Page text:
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Driverless Metro from the Louvre to Arc de Triomphe

The Paris transport authority (RATP) is currently switching the Metro's Line 1 to fully automatic operation - which also means driverless.

Siemens is responsible for the modernization of the automation technology. The new system is more energy-efficient in operation and makes it possible to shorten the intervals between trains from 105 to 85 seconds. Line 1 trains carry up to 725,000 passengers a day, making it the most heavily traveled Metro line in Paris.

The reason Line 1 carries so many passengers is that it passes sightseeing attractions like the Louvre and the Arc de Triomphe. It would be unimaginable to even briefly interrupt service on this line, which is 17 kilometers long, so the switch to automated operation is being carried out without disrupting service.

That means installation of the control technology and the telecommunication system, fitting the rail vehicles and equipping the new control center must all take place in parallel to normal operation.

The Siemens rail automation unit's solution was to perform the work at night. At present, the old trains are being replaced, one after another. In March 2012 there were 14 driverless trains on Line 1. By early 2013 all 49 new Metro trains are to be equipped with automation technology, bringing service up to full transport capacity.

The train frequency can be flexibly adjusted as needed. Special platform screen doors ensure safety at the stations. The new trains use the Trainguard MT safety and control system, which is in service in many of the world's big cities. A subway line in New York City is also soon to be equipped with the system.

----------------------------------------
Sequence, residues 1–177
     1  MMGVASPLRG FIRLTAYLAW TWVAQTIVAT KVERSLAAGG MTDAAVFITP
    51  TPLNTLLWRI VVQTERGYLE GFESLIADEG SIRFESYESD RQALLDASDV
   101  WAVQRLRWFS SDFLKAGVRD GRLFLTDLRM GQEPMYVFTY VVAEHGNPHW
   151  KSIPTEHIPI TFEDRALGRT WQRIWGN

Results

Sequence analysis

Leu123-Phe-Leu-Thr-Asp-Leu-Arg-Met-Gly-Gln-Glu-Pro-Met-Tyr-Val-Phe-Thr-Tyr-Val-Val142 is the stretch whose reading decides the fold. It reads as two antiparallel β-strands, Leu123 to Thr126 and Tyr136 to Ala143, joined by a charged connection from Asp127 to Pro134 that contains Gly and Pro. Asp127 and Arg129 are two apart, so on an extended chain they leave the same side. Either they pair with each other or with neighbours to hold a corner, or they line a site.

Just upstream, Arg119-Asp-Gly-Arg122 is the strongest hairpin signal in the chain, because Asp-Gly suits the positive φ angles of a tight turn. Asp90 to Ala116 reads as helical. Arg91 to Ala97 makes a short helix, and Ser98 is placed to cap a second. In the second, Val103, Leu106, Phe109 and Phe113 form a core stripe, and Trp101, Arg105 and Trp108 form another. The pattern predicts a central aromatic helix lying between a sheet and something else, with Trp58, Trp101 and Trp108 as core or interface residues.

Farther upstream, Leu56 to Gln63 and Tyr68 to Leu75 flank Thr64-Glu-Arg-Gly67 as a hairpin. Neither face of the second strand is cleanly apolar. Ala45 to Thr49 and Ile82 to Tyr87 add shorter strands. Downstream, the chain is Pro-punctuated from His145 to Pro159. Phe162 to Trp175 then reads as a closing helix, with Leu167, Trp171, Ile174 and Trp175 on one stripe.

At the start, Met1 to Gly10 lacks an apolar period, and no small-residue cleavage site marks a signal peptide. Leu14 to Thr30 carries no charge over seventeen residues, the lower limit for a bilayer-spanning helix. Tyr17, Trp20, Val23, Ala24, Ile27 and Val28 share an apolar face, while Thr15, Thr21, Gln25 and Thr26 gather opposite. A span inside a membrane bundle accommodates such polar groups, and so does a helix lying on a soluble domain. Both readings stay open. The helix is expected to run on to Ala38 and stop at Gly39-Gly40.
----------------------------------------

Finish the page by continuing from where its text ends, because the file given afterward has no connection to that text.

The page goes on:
The new control system boosts energy efficiency and improves reliability: The previous system had to be left on when, for example, the trains were parked at night at a depot, in order to continually check and save data related to the vehicles' position and status. After the new system is re-started it automatically determines the position of the train by means of intelligent communication between the train and the wayside equipment.

That means it can be turned off overnight, which saves energy. And should a system go down, the train can then compute its own position on the track and also determine if another train is nearby. If the track is clear, the train automatically proceeds safely, without human hands at the controls, to the next station, where service engineers can inspect it for a possible fault. This minimizes delays due to technical malfunctions, particularly in situations where trains run very frequently.

Dr. Norbert Aschenbrenner | Siemens InnovationNews
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